All in Hair

How to Make Second-Day Hair Look Polished

This post is the third in a series on weaning myself off my blowdryer—and learning to like my natural waves. The first post tackled the importance of moisture, the second explained how to make a product cocktail to coax beachy waves, and this installment is all about what to do when you wake up the day after you’ve shampooed and styled…and your hair looks like an SOS pad.

My Styling Cocktail For Beachy Waves

Earlier this month, I started a series outlining how I care for my wavy hair. As someone who has regularly straightened her hair for years (most of my adult life), learning to style my waves (and actually liking the way they looked) has taken time—like a year and counting. For a longtime beauty editor, it’s been a surprisingly steep learning curve. Thus, I decided to share the tricks and best products I’ve discovered along the way in hopes it will help those of you trying (or tempted) to go au naturel too.

How I Learned to Love (Ok, Like) My Natural Waves

I’ve straightened my naturally-wavy hair for most of my adult life. When we lived in New York, I blew it dry almost every time I washed it (or, better yet, I went to a salon and had it professionally done). In my headshot, my hair is straight. When I got married, my hair was twisted into an updo—after I blew it straight. For job interviews, school interviews, television interviews...whenever I had an important event, my hair was always, always straight. 

My Favorite French Beauty Products

Not so long ago, to get your hands on French beauty products, you had to trek to a French Pharmacie and buy them in person (or beg a friend visiting France to stock up for you). No longer. French beauty staples can now be found pretty easily Stateside, either online or in specialty boutiques.

How Green Should You Go?

I was talking to a beauty industry executive the other day about clean/green/natural (insert your own earth-centric buzz word) beauty. She confessed that, while there is no single traditional skin, hair or makeup product that she views as particularly harmful, the quantity of beauty products laced with chemicals we use over a lifetime does give her pause. Like one pack of Twizzlers at the movies=not so bad. But eating sugary twists daily for the rest of your life=not so good.

Who Has The Time?

I am impatient. Nearly two decades of living in New York City taught me to loathe long lines, inefficient service, and slow-walkers (if a New Yorker bumps you while you stroll down Fifth Avenue, you probably deserve it. Think how you’d feel if she went to your town and drove a Suburban 10 mph down a one-lane road.). When we first moved to Ann Arbor, I even stopped visiting one coffee shop because the barista was too chatty, greeting my order of a soy latte with “soy-tainly!” and then taking 15 minutes to mix my drink. Nope. Not before 8 a.m. Buy-bye.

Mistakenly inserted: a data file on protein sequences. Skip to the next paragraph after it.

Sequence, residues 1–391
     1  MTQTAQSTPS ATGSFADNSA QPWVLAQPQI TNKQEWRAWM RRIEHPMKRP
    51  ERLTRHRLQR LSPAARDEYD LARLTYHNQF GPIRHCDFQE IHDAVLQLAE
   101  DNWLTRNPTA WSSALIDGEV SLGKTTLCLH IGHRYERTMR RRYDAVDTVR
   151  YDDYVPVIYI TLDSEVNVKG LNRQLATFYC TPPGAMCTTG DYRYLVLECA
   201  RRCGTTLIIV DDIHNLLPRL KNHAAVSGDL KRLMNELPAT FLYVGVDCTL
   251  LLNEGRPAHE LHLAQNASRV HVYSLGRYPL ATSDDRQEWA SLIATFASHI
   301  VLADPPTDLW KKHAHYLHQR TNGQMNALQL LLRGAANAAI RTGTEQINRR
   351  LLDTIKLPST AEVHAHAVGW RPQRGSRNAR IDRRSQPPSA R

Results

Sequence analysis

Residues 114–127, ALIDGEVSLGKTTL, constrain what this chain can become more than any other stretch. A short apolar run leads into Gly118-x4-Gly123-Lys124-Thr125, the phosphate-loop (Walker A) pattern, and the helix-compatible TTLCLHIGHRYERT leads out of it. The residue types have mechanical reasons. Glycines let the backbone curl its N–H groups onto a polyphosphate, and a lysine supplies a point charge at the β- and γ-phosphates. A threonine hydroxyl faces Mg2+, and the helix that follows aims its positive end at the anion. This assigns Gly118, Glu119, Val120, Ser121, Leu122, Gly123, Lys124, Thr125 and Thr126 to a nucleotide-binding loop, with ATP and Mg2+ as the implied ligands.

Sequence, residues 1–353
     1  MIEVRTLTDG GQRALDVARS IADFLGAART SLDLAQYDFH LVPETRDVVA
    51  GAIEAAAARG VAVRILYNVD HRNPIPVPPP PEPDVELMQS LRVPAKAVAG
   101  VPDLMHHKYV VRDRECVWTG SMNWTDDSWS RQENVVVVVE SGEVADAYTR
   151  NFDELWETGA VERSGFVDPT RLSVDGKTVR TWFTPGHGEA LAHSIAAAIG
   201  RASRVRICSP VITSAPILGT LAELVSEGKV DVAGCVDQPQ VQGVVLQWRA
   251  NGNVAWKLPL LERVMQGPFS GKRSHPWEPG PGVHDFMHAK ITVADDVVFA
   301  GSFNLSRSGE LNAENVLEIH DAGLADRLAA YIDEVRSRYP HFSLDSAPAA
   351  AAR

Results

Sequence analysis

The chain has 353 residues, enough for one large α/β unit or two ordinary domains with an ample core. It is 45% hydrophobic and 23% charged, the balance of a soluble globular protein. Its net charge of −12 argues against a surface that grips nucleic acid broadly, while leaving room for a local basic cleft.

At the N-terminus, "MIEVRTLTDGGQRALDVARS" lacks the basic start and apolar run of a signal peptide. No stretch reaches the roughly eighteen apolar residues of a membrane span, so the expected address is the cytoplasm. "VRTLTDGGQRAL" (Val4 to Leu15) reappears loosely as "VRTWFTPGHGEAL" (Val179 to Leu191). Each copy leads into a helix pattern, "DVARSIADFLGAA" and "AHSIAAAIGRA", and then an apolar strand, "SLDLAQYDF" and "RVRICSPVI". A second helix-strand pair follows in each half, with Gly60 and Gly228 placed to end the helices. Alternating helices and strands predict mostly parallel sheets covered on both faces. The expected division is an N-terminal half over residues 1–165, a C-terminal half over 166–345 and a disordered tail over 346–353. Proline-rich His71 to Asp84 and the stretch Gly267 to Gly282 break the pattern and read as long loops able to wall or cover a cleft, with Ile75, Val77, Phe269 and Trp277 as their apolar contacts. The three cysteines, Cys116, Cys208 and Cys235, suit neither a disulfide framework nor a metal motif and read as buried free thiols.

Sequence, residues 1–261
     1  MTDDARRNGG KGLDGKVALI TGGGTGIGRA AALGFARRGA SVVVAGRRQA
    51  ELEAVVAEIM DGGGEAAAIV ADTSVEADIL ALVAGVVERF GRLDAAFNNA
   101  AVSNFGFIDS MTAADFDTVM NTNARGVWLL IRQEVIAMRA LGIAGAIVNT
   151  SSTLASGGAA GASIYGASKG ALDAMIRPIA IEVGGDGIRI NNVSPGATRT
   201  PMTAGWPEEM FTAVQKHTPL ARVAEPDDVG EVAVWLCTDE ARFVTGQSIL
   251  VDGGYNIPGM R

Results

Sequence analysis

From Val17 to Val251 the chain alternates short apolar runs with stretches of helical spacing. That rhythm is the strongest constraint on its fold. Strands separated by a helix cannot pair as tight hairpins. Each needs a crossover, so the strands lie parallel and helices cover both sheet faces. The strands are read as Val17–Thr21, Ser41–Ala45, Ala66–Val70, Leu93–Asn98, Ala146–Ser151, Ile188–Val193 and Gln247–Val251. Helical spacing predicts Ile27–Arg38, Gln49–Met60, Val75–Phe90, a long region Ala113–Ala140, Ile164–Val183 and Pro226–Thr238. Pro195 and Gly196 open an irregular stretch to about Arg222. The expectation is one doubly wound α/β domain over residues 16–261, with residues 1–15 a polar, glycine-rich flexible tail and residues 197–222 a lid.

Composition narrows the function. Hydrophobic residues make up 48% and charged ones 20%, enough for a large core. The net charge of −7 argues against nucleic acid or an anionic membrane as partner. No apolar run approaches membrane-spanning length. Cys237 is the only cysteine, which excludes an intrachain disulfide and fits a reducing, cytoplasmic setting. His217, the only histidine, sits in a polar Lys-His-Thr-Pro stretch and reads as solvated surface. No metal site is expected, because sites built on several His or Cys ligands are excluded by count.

Hair And Skin So. So. So. Dry? I've Got Solutions

Every winter, my husband complains that his skin is itchy and dry—and he asks me to get him more of that “stuff” that provides quick relief. Heath, my teenage son complains about his chronically parched, peeling lips, and my hair can become so dehydrated and static-y come January that I develop a permanent halo of flyaways. I assume you or your family are similarly moisture-challenged by mid-winter so here are some solutions that work for us:

A Beauty Ad That Speaks To Us. Finally.

Most people who watched the Golden Globes last night are talking today about Oprah’s speech, Seth’s monologue, the all-black dress code, and Natalie Portman throwing shade while announcing the all-male best-director category. But one of my favorite moments was a hair commercial.

What Works: Lisa Sugar

As part of a regular series, I’ll be asking inspiring, in-the-know women to share their best tips and favorite products. The point? As always, to find out what worksToday's beauty insider: Lisa Sugar, Founder and President of POPSUGAR Inc.

Go Ahead: Try Something New

In our teens and twenties, most of us gamely embraced new trends, feathering, then bobbing, then shagging our hair—and seesawing from frosty pink lipstick (80s pop) to matte brown lipcolor (90s grunge). It made us feel pretty, current, and allowed us to play around with different personas. But somewhere along the way, many settled into “what works best for us," adopting a haircut we’ve more or less maintained ever since, choosing an everyday, goof-proof lipcolor (pinky nude for me), selecting a grownup signature scent…and letting Millennials have all the fun with hair and makeup. I think this is a mistake.